Cats always prefer the sunshine. Well, not always. If you are a black cat in hot sun, you’ll go into the shade. Humans need sunshine because we synthesise vitamin D in the skin through exposure to sunlight. In the northwest of America and in Britain, people do not get enough sunshine. This can have a negative impact on health.
So what about cats? Cats do like to lie in the sun. We all know that. Why do they like it so much? Is it because they instinctively wish to soak up sunlight to convert it into Vitamin D?
One website says that cats convert sunlight to vitamin D, as we do. The problem that I have with this is that a cat is covered with fur. The process of sunlight shining on skin and being synthesised in the skin is not going to work unless the hair can absorb sunlight and transmit it to the skin which is far too fanciful to be believed.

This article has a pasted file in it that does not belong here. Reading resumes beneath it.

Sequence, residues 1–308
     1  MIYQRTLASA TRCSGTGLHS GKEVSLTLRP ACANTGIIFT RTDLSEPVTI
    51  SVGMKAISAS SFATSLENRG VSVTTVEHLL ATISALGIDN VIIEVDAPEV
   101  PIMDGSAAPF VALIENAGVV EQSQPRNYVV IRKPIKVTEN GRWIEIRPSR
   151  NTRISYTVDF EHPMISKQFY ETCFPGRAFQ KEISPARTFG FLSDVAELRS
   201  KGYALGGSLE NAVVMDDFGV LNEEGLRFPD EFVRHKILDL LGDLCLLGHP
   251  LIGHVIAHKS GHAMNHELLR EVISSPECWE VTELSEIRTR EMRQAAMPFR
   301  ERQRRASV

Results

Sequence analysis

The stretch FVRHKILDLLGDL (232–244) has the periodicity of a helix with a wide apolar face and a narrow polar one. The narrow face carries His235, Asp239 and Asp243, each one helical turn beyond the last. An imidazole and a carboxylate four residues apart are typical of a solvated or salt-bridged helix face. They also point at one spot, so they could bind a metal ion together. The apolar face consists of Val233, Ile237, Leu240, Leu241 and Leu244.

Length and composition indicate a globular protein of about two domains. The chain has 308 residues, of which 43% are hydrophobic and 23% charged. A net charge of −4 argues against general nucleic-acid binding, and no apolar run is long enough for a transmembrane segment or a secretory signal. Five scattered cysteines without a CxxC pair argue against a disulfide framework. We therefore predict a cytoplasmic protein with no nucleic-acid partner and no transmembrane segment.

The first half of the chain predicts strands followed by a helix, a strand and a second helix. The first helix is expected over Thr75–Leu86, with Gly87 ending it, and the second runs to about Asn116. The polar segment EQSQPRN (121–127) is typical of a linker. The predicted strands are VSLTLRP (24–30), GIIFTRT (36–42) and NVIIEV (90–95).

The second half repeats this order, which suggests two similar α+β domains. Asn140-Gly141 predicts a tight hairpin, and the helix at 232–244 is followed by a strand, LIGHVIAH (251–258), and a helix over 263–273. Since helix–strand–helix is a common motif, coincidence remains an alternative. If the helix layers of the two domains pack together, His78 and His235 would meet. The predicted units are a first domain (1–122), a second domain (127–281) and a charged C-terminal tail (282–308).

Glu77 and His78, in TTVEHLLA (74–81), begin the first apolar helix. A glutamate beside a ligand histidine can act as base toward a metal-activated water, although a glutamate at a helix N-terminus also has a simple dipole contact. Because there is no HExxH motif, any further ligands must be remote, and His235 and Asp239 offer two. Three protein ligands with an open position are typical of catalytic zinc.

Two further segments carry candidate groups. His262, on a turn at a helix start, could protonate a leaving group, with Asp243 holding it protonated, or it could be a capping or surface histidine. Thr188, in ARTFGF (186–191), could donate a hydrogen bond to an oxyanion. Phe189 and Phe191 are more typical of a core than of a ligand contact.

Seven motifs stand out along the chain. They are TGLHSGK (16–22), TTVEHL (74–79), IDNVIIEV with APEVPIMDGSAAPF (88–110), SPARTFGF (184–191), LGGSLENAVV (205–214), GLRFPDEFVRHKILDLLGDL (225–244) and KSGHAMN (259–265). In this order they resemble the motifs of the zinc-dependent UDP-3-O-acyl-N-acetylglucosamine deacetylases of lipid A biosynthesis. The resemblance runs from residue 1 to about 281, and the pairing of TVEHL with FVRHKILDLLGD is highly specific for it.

The answer is that, although vitamin D (calcitriol) is an essential dietary ingredient for cats, they cannot synthesise it from sunlight. Cats obtain vitamin D from food. Caution: people should not provide vitamin D supplements if providing their cat with high quality cat food as it is possible to overdose a cat with vitamin D. At high levels it is toxic to a cat. A vet should be involved before providing vitamin D supplements.
Vitamin D is important for strong bones. A deficiency can cause rickets. However, only small amounts are required on a daily basis: 50 to 100 I.U. – International Unit).
Cats lie in the sun for warmth. This preserves energy for other activities. When napping cats often pick out a spot in the sun. The body does not have to work as hard to maintain the correct body temperature if it is being warmed up from an external source. A radiator is just as good.
Associated post: Vitamin supplement senior cat.
Source: Drs Eldredge, Carlson, Carlson (DVMs) and Giffin MD.